The impending end of the federal government’s coronavirus public health emergency will mean an end to funds that support the supply of vaccines, tests, masks and health staffing in Montgomery County. County health officials are determining whether and how they will continue providing residents with various COVID-19 services, and the potential budget impact.
For now, health leaders say that millions of dollars in grants from the Maryland Department of Health and other funds should help bridge the gap for administering COVID-19 vaccines, distributing rapid test kits, giving PCR tests and other related services.
President Joe Biden’s administration announced earlier this week that it intends to end the COVID-19 national emergency and public health emergencies by May 11. House Republicans want to terminate those emergencies earlier, but Biden’s Office of Management and Budget opposes that, saying it would have a negative impact on the United States’ health care system, and that tens of millions of Americans could lose their health insurance under Medicaid.
During a Thursday news briefing, County Executive Marc Elrich said the end of the public health emergencies means federal money will no longer reimburse state and local governments for COVID-19 vaccines and testing, along with Medicaid and Medicare benefits for vaccines, testing and treatments.
The county will continue offering test kits and vaccines through June 30, the end of this fiscal year, Elrich said.
“Obviously, a federal declaration is not going to make COVID go away,” Elrich said. “And we’ve already seen COVID morph itself many different times. So we’ll continue to give you updates. Hopefully the updates will be brief and non-alarming.”
Sean O’Donnell, the county’s public health emergency preparedness manager, said that the county helped pay for its vaccine distribution through a $3 million grant from the state Department of Health, via the Centers for Disease Control and Prevention. That should help cover costs through the end of June, he added.
Federal partners are discussing the potential for having an annual COVID-19 booster, similar to the annual flu shot, O’Donnell said. County costs for distributing vaccines should continue to go down in the coming months amid those discussions—the county has already dropped its distribution of vaccines and testing from seven to five days a week, O’Donnell added.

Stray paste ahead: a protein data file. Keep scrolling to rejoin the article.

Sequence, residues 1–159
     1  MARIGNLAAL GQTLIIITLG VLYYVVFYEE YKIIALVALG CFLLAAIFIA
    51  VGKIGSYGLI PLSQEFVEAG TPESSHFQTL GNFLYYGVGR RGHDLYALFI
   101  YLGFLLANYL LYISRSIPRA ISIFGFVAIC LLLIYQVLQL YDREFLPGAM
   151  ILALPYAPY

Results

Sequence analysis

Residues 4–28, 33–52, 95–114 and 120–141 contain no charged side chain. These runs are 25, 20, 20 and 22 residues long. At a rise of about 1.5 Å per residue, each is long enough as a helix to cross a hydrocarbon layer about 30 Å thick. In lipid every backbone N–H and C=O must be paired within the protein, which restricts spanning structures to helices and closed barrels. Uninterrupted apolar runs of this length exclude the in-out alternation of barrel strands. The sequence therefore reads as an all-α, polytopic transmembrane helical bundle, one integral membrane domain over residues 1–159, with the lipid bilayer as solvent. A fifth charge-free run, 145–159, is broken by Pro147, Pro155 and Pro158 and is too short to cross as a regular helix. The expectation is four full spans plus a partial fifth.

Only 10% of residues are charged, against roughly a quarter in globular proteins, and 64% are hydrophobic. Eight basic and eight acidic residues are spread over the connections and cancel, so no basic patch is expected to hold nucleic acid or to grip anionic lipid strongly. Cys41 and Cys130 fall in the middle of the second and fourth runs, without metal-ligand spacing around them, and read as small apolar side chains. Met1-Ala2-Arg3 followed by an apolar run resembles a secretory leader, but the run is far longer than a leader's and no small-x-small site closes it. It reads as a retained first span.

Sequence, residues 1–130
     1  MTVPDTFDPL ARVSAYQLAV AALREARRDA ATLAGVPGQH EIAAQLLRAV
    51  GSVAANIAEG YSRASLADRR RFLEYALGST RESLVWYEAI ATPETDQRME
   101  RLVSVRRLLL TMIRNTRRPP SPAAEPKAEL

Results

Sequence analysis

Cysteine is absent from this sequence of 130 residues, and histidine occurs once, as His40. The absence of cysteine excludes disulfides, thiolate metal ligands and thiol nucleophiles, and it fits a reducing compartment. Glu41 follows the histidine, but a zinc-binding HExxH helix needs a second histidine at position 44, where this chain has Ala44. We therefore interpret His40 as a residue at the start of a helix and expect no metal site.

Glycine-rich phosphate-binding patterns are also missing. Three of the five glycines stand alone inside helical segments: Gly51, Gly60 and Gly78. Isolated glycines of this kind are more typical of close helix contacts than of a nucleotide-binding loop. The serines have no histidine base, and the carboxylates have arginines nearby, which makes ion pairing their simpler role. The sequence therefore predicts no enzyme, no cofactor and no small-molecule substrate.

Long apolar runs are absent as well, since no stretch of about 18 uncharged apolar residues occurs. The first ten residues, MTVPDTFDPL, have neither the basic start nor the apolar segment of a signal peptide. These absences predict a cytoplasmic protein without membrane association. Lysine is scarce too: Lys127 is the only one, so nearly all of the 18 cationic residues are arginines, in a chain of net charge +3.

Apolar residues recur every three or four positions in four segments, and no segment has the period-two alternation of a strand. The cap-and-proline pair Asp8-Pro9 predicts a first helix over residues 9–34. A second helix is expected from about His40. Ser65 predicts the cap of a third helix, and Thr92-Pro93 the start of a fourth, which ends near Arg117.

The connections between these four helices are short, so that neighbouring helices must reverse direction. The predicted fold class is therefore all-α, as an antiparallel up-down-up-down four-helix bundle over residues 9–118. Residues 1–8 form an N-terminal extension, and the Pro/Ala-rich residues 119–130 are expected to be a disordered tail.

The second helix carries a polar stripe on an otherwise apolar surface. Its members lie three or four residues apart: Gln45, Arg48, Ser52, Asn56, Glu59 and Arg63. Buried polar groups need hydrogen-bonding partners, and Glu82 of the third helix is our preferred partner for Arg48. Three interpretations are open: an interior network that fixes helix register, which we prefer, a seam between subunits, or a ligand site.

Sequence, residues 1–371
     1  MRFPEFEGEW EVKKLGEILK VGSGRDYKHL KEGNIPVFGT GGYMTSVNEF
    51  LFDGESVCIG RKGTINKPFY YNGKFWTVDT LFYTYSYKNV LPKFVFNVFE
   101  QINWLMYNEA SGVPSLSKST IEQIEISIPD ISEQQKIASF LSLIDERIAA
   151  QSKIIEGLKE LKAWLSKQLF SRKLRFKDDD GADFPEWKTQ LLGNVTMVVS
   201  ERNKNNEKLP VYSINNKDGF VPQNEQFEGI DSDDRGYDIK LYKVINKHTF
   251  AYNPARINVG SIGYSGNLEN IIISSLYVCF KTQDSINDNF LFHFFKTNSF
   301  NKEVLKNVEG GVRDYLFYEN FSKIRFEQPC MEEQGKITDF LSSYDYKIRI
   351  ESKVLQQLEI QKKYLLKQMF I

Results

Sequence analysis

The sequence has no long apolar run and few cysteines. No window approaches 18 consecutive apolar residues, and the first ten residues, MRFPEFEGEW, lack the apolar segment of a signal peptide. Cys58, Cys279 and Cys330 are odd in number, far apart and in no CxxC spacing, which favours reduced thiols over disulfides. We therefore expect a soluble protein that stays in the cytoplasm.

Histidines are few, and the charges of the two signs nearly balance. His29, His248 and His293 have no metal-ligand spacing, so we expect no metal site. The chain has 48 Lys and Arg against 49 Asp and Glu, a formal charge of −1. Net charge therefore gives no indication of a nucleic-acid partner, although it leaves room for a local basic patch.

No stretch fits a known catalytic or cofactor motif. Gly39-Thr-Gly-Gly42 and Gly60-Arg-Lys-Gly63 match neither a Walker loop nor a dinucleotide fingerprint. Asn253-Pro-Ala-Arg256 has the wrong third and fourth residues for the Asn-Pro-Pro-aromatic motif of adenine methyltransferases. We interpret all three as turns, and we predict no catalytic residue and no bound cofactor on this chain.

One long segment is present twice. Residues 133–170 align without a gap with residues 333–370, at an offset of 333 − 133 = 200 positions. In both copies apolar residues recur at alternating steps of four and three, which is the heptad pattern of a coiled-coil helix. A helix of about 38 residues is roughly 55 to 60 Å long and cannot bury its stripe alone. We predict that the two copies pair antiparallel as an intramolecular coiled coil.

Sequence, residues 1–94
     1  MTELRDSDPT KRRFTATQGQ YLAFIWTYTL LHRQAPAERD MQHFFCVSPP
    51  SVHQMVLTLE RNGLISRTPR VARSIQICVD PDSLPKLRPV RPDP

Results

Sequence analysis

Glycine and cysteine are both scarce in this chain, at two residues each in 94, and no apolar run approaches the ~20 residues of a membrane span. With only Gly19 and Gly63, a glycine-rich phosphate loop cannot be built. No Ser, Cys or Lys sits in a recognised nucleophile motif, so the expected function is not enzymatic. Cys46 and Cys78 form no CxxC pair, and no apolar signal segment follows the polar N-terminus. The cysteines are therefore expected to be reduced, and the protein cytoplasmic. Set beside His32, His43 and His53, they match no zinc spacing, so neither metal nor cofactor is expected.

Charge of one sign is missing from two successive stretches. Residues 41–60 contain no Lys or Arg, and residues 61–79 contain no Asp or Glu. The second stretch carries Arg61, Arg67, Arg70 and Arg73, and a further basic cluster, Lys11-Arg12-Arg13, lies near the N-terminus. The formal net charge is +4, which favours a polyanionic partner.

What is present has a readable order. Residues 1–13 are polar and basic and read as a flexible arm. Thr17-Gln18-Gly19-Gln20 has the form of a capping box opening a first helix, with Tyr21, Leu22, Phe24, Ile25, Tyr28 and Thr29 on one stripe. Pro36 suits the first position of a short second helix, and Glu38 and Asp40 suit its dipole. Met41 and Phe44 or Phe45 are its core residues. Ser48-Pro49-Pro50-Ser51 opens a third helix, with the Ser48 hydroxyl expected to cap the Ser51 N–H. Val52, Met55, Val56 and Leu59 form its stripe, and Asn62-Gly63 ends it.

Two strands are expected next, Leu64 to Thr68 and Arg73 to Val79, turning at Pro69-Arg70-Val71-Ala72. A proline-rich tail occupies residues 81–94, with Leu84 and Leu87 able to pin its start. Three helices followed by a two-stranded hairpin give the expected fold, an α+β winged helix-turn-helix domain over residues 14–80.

James Bridgers, the county’s chief of public health services, said that it’s still unknown what the impact will be on local hospital staffing—visiting nurses, support staff and other workers—but county officials are already discussing any potential changes in staffing levels with hospital leadership.
Bridgers said those conversations will be important, especially for this upcoming fall and the fall seasons in coming years. It’s unclear if COVID, RSV or other respiratory illnesses will be more dominant, but county health officials need to be prepared, Bridgers added.
Another component that the county needs to be prepared for once the public health emergency ends is that the Federal Emergency Management Agency (FEMA) will stop reimbursing the county for rapid test kits and masks, according to Earl Stoddard, an assistant chief administrative officer for the county.
O’Donnell said that the county has around 150,000 rapid test kits in storage, with about 30,000 available for distribution at county libraries. Stoddard said that there are more than 3 million masks for the county to distribute.
Distribution varies depending on demand and time of year, Stoddard said—the fall and winter months, when there has been more spread of viruses in the community, has seen more kits and masks picked up at libraries, he said. During the summer, distribution per week drops from tens of thousands of test kits and masks to thousands, he added.
County health officials will need to evaluate in the fall how to backfill funding for masks and test kits, given that the FEMA reimbursements stop, Stoddard said.
“The cost of [rapid test] kits varies a little bit … but we use the estimate that one box, with two tests, is usually about five bucks a kit, and so it tells you essentially what you’d be talking about,” Stoddard said of some of the costs.